For many people, it can be a confusing and difficult process to prove a partner’s actual income for a Maryland child support determination. In making a Maryland child support determination, a Maryland Circuit Court will rely on a number of factors in order to set an appropriate child support amount that is in the best interest of the child.
For typical W-2 wage earners the process is less complicated, but every family is different, and not all parents are standard W-2 employees. In order to make a Maryland child support determination, the Maryland circuit court judge or magistrate must consider the obligated party’s “actual monthly income.” Under Maryland Family Law Article Statute 12-201(b)(3) “Actual monthly income” includes salary, wages, bonus compensation, social security benefits, workers’ compensation benefits, alimony and imputed income for unemployed or underemployed spouses. The amount of actual monthly income for both parents is then ran through the Maryland Child Support Guidelines to determine the amount the obligated parent must pay.
Financial Statements Are Required for A Maryland Child Support Determination in Prince George’s County, MD and Montgomery County, MD
A financial statement signed under penalty of perjury must be submitted to the court in all Maryland Child Support Determinations. Maryland courts require financial statements, in order to provide the Circuit Court Judge or Family Law Magistrate in a Maryland Child Support Determination proceeding with an overview of the parties actual monthly income and expenses. In the financial statement, a parent or guardian is required to fully disclose their income from all sources, as well as their child related expenses. Child-related expenses include child care, health insurance coverage, extraordinary medical expenses, and transportation expenses. The financial statement should also include any financial obligations for any additional children not related to the current child support case. The court will rely heavily on these documents in making a Maryland child support determination. Therefore, it is in the best interest of the children that all sources of income be identified and all child-related expenses be disclosed fully for each party in their financial statement.
Accurate Financial Disclosure and Financial Discovery are Important in a Maryland Child Support Determination Proceeding
A parent or guardian seeking a Maryland child support order may encounter difficulty determining what the other parent’s “actual monthly income” is if the obligated party receives income from non-traditional sources. Non-traditional earning sources could include self employment pay, unreported contract work, or self-reporting employment with substantial cash payment or tips. Non-traditional earning sources can be difficult to trace without financial discovery. In cases involving parties with non-traditional sources of income, the person seeking to establish an accurate reflection of income must conduct discovery in order to piece together how much income the obligated party actually receives. Often financial discovery requires subpoenaing or requesting bank records, or even examining the obligor’s purchase history. reviewing a non-traditional earner’s spending patterns could reveal a party that has failed to accurately disclose income and increase child support in a Maryland Child Support Determination proceeding.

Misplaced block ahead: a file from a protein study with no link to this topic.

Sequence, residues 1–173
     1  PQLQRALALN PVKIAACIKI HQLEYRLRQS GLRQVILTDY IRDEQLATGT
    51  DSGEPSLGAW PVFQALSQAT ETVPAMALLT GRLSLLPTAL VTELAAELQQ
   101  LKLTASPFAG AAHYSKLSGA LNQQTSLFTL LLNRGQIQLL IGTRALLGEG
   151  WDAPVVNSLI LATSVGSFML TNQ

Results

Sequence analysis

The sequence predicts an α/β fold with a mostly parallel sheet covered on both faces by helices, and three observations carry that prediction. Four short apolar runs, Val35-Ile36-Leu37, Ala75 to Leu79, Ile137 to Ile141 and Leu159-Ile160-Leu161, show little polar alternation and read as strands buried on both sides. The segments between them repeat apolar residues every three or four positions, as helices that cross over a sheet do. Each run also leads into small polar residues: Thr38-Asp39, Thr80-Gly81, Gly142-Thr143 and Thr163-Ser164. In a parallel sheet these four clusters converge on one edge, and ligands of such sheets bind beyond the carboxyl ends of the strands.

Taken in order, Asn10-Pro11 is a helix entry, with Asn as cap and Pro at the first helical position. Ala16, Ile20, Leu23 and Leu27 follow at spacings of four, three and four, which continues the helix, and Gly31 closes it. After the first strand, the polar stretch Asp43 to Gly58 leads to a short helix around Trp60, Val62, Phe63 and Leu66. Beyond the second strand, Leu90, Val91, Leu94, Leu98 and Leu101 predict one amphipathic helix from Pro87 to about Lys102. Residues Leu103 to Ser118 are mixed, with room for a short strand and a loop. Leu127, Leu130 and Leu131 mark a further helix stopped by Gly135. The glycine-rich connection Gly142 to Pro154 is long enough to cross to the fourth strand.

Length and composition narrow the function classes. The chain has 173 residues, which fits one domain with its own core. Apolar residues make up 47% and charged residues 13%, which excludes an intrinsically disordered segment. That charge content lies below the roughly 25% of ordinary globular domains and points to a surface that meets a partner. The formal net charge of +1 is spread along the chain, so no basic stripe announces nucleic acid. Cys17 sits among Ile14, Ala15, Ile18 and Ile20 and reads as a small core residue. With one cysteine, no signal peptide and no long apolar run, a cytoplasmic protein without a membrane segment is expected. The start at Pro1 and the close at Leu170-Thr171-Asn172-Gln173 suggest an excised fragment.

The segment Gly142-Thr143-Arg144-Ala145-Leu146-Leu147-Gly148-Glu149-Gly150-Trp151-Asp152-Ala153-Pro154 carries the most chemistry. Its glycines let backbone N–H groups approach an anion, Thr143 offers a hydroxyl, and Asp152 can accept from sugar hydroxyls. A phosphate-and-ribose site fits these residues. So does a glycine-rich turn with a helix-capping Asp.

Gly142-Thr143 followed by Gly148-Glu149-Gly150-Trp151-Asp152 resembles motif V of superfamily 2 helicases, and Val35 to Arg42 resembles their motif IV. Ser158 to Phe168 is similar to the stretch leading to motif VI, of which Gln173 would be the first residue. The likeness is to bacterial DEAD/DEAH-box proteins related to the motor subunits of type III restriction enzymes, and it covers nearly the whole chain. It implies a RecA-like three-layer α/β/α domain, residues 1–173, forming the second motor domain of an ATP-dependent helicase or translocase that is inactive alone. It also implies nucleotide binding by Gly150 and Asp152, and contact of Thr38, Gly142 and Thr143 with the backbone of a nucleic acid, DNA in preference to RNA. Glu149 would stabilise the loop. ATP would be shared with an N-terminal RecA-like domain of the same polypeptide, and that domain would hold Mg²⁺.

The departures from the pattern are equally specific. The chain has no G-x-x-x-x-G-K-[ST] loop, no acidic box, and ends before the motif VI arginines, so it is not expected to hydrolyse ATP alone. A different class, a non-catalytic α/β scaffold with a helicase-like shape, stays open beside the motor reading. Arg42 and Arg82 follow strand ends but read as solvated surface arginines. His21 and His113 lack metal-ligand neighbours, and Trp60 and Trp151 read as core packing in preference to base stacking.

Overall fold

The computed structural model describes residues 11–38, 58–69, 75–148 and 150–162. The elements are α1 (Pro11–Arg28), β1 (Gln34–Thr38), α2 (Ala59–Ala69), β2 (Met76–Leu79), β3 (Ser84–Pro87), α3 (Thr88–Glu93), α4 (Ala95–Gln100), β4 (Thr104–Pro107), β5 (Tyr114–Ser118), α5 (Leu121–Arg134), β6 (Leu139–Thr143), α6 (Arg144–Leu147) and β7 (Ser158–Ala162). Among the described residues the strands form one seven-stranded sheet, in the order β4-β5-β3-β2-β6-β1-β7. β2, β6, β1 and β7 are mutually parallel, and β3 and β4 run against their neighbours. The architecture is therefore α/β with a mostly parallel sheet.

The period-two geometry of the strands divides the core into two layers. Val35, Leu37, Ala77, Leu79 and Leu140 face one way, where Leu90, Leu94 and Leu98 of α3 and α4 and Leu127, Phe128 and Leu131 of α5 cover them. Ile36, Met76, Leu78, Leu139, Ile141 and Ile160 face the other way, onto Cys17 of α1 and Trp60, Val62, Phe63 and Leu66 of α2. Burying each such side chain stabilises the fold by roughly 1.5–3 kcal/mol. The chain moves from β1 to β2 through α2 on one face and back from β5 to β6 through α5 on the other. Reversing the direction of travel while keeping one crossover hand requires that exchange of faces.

If a party does not reveal all sources of income to the court, the party can be subject to serious penalties. Maryland Circuit Courts take sworn statements, such as financial statements, very seriously. If a party fails to disclose or update a financial statement, the Court may treat the misrepresentations or failure to update information as if the party has lied under oath. Typically, a party who fails to disclose their income accurately may be held in contempt of court for a failure to disclose their full “actual monthly income” and their failure could jeopardize their credibility with the court in other matters, such as child custody or alimony determinations.
Speak with An Experienced Child Support Attorney to Help with Determining a Child Support Amount in Montgomery County, Maryland and Prince George’s County Maryland
If you are seeking child support or a child support modification in Prince George’s County or Montgomery County, or you simply have questions about your rights as a parent, the Law Office of LaSheena M. Williams, LLC can help. Let the Law Office of LaSheena M. Williams, LLC work with you to assure a fair and equitable Maryland child support determination for you and your children. You can reach us at (301) 778 – 9950 or by leaving an online request for a consultation today.